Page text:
# Data Science Posts and Resources

Articles on Data Science

## Python - Basics

Introduction to Python.

Laxmi K Soni

### CREATING VARIABLES

Creating variables in Python is very simple. We just choose a name and assign a value.

myNumber = 10
myText = 'Hello' 

Here, we defined two variables. The first one is an integer and the second one a string. You can basically choose whatever name you want but there are some limitations. For example you are not allowed to use reserved keywords like int or dict . Also, the name is not allowed to start with a number or a special character other than the underline.

### USING VARIABLES

Now that we have defined our variables, we can start to use them. For example, we could print the values.

print (myNumber)
## 10
print (myText)
## Hello

Since we are not using quotation marks, the text in the parentheses is treated like a variable name. Therefore, the interpreter prints out the values 10 and “Hello” .

### TYPECASTING

Sometimes, we will get a value in a data type that we can’t work with properly. For example we might get a string as an input but that string contains a number as its value. Here “10” is not same to 10 . We can’t do calculations with a string, even if the text represents a number. For that reason we need to typecast.

value = '10'
number = int (value)

Typecasting is done by using the specific data type function. In this case we are converting a string to an integer by using the int keyword. You can also reverse this by using the str keyword. This is a very important thing and we will need it quite often.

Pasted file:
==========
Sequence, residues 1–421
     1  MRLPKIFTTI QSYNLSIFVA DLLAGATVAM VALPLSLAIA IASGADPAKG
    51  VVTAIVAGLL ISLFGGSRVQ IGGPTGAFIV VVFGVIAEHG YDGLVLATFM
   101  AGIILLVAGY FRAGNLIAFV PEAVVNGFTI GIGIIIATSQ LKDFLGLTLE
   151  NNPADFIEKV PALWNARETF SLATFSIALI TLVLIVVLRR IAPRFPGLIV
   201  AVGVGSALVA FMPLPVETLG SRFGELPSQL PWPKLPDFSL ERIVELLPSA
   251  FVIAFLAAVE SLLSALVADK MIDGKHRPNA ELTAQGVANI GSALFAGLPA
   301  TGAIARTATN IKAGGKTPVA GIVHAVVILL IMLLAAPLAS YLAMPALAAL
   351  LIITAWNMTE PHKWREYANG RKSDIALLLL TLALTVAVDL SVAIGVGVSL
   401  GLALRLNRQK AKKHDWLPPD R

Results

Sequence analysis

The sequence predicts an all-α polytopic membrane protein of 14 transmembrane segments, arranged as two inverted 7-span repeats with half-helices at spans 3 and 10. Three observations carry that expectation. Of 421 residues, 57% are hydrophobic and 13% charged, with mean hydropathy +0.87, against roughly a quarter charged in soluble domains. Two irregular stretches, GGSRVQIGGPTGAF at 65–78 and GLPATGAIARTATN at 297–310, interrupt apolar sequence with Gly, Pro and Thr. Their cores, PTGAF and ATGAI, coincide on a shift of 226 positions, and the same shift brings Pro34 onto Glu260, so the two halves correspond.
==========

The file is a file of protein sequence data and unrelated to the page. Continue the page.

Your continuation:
## Python loops and types

### 1. For loop


numbers = [10,20,30,40]

for num in numbers:
print(num)

## 10
## 20
## 30
## 40
for num in range(10,41,10):
print(num)
## 10
## 20
## 30
## 40

### 2. While loop

number = 0

while number < 10:
number += 1
if number == 5:
break
print(number)
## 1
## 2
## 3
## 4
num =  0
while num < 10:
num += 1
if num == 5:
continue
print(num)
## 1
## 2
## 3
## 4
## 6
## 7
## 8
## 9
## 10

## Data Types

Variables and Data types basically are just placeholders for values. In programming, that’s the same. The difference is that we have a lot of different data types, and variables cannot only store values of numbers but even of whole objects. In this post we are going to take a look at variables in Python and the differences of the individual data types. Also, we will talk about type conversions.

### 1) NUMERICAL DATA TYPES

The types you probably already know from mathematics are numerical data types. There are different kinds of numbers that can be used for mathematical operations.

NUMERICAL DATA TYPES
Integer int whole number
Float float floating point number
Complex complex complex number